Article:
Mikhaiel Khenkin and Nataliah on behalf of Aleksey Varvaretski
Aleksey Varvaretsky of Ukraine saved the Khekina girls. When the war began Sabina Khenkina was living in Kotovsk wither her mother. As the situation grew more dangerous, Sabina and her mother were invited by Aleksey to take refuge in his suburban home. Although the girls were discovered and sent to the Balta ghetto, Aleksey continued to visit the girls, eventually marrying the mother at the war’s end.

Gerda and Gerard Van Raan were newlyweds looking to begin a new life in Nazi occupied Holland. When a friend asked if the couple would shelter an eight year old Jewish boy, the couple didn’t hesitated and took young Rudy Klijnkramer into their home. Two months later they took in an eight month old Jewish baby. The van Raans cared for each these children as though they were their own. Van Raans daughter, Heleena, who represented her family at the ceremony is still in touch with Rudy who continues to live in the Netherlands.
Eva Cassirer and Lilo Reunion May 1995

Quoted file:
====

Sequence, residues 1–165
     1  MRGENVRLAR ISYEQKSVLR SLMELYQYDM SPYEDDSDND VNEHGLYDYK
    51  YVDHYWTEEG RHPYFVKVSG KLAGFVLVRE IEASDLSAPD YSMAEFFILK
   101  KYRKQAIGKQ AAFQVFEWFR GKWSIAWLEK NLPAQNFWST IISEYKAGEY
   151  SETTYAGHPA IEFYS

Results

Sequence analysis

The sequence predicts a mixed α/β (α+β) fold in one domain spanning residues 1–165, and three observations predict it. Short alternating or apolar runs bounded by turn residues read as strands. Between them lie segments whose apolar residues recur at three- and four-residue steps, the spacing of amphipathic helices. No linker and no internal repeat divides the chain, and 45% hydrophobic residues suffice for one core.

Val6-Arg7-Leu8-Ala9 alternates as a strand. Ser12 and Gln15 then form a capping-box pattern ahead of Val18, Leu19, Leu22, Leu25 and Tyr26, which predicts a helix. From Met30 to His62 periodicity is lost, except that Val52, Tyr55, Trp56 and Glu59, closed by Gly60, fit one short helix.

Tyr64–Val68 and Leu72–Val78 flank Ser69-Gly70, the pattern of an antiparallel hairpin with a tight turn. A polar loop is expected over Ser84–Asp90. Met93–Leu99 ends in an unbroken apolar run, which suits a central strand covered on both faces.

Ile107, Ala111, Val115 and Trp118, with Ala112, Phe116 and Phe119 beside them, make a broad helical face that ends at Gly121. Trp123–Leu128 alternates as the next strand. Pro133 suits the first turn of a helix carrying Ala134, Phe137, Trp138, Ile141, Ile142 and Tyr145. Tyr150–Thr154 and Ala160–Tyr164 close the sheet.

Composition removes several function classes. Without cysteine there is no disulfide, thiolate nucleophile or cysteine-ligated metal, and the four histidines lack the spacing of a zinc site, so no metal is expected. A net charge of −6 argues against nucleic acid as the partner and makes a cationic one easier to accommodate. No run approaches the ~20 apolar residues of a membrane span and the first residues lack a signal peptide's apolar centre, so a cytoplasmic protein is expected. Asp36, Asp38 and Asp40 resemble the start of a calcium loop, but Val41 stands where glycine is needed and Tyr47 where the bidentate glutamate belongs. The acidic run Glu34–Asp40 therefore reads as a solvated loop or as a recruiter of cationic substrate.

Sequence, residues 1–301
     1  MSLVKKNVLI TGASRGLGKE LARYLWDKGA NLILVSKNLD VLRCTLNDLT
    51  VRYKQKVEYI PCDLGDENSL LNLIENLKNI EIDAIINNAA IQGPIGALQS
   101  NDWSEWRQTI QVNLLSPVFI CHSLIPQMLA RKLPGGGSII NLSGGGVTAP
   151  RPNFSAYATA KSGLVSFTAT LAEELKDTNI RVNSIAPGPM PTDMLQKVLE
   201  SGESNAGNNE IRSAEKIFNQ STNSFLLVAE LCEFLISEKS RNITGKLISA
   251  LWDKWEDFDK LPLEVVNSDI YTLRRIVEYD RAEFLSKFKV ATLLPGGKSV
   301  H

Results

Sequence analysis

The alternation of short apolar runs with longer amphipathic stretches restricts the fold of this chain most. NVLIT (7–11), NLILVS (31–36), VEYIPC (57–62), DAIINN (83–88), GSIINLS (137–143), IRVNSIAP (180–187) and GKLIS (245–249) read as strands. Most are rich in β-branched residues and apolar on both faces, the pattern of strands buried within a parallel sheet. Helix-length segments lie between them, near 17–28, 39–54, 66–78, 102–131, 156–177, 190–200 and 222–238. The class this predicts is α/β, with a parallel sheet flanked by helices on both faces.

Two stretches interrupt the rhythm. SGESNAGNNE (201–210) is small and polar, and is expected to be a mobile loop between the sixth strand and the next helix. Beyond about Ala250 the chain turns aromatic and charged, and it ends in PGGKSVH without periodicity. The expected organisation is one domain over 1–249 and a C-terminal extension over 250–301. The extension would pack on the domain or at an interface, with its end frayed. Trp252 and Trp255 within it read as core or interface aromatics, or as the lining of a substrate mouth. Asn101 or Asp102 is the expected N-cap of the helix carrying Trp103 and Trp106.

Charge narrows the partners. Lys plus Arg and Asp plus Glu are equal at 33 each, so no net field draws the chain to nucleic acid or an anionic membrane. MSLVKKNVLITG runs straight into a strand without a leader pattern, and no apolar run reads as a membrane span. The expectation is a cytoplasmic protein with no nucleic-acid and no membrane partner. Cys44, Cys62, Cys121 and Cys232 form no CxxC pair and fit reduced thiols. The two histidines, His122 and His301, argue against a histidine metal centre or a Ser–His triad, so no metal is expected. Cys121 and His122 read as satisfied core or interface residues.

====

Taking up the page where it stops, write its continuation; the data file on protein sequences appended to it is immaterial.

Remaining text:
Hanna Sotchek and Eva Cassirer of Germany were honored for saving the lives of Elizabeth and Hanz Josef. Prior to the war Elizabeth was living in Berlin with her older brother Hanz and her parents. Yet when in September of 1942 their parents were captured by the Nazi’s and deported to Riga, Elizabeth and her brother were forced into labor at the Siemens-Halske factory in their town. Upon returning home from work in January 1943, the two children found their house sealed by the Gestapo, who had attached a note instructing them to report to the authorities. Knowing they had to escape and moving from one temporary shelter to the next, Elizabeth and Hanz looked for safety. While on the run, Hanz disappeared and Elizabeth never saw her brother nor her parents again. However, as Elizabeth continued to seek refuge she saw an old friend from grade school, Eva Cassirer, who, along with her mother, provided home and shelter to Elizabeth until the war’s end.